Washington, a cornerback at Tulane from 1979-82, had a productive 15-year NFL career with three teams (Cardinals, Raiders, Broncos), intercepting 37 passes. He played in 204 games, starting 165, with a career-high eight pickoffs with the St. Louis Cardinals in 1985 and at least one interception in 13 of his 15 seasons. Washington, later an assistant coach with the NFL's Green Bay Packers, is co-defensive coordinator at his alma mater.
Boudreaux has coached 39 state championship teams and another 21 state runner-up squads in cross country, indoor and outdoor track and field. Sixteen of the state titles and 10 runner-up finishes have been in cross country. His track teams at Catholic have had the four best scores in Class 5A state meets, and the Bears' cross country teams have the three best score posted in state championships.
Lacy is the career scoring leader (20 points per game) for the storied Lady Techsters. A center on Tech's 1988 NCAA champions, she won the 1990 national Player of the Year award from the U.S. Basketball Writers Association and ended her career playing for the 1996 USA Olympic gold medalists then with two WNBA seasons in New York.
Shipley won 70 percent of his games in 16 seasons coaching at UL-Lafayette, guiding the Cajuns to six Top 20 rankings, the last two years in the major college polls. He was the first coach at a predominantly white state university in the Deep South to award scholarships to black student-athletes, a groundbreaking move during the 1960s. Shipley's later teams were among the highest-scoring in the country.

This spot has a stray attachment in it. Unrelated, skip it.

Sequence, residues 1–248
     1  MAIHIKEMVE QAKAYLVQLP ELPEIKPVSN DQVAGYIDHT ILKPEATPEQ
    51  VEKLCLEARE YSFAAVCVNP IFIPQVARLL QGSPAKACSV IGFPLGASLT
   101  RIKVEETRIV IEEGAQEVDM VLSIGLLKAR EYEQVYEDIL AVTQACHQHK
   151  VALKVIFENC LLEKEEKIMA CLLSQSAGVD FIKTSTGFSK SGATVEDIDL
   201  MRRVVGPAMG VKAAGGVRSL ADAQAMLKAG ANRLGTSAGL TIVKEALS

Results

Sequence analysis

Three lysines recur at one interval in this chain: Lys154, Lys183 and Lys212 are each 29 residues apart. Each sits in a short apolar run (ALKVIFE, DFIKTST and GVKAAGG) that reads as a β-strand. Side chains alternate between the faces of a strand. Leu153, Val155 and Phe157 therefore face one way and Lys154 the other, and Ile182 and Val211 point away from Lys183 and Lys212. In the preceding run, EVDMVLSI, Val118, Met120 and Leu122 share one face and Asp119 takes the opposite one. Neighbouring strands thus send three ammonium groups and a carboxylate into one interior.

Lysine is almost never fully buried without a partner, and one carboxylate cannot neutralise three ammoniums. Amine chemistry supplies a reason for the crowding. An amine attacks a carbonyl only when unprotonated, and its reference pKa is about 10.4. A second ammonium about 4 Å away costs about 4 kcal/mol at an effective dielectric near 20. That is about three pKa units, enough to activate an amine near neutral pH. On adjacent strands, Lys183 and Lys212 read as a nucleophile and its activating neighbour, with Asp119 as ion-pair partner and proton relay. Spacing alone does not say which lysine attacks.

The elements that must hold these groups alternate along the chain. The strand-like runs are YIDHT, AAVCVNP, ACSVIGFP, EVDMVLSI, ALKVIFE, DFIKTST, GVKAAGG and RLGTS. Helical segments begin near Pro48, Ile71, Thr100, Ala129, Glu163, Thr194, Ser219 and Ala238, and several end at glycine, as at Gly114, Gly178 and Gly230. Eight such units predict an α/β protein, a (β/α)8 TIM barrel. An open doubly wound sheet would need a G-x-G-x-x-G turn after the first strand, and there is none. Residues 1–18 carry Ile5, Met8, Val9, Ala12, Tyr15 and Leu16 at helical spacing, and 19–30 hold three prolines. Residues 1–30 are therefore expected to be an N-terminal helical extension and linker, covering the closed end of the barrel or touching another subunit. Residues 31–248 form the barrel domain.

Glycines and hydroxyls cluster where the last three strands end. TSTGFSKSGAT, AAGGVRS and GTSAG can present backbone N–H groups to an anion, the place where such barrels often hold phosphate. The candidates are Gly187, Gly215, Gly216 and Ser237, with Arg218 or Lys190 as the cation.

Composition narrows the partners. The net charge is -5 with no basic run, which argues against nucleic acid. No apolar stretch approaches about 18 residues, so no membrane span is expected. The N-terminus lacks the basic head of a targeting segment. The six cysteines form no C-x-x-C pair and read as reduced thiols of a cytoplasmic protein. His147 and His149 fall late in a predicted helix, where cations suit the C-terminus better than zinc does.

Ducote, a football legend at Auburn and in the early days of pro football, was compared to the great Jim Thorpe by Chicago Bears owner and coach George Halas, and was later an assistant football coach and head basketball coach at LSU. An end, halfback and fullback at Auburn, he was also a sensational kicker, booting long field goals to beat Georgia (48 yards) and Vanderbilt (51 yards). Iconic coach Pop Warner said he had never seen a better player.
The eight new inductees will raise the total of Hall of Fame members to 310 competitors honored since the first induction class -- baseball's Mel Ott, world champion boxer Tony Canzoneri and LSU football great Gaynell Tinsley -- were enshrined in 1959 after their election a year earlier.
The Louisiana Sports Hall of Fame includes 16 Pro Football Hall of Fame members, 18 Olympic medalists (10 gold medal winners), nine members of the Basketball Hall of Fame, seven of the NBA's 50 Greatest Players, six Baseball Hall of Fame inductees, 34 College Football Hall of Fame members, five National High School Hall of Fame enshrines, jockeys with a combined 12 Triple Crown victories, six world boxing champions, seven Women's Basketball Hall of Fame enshrinees, seven College Baseball Hall of Fame inductees, seven College Basketball Hall of Fame members, four NBA Finals MVPs and two Super Bowl MVPs. Biographical information on all current members is available at the LaSportsHall.com website, with a steady stream of info available at the Louisiana Sports Hall of Fame Facebook page and the @LaSportsHall twitter account.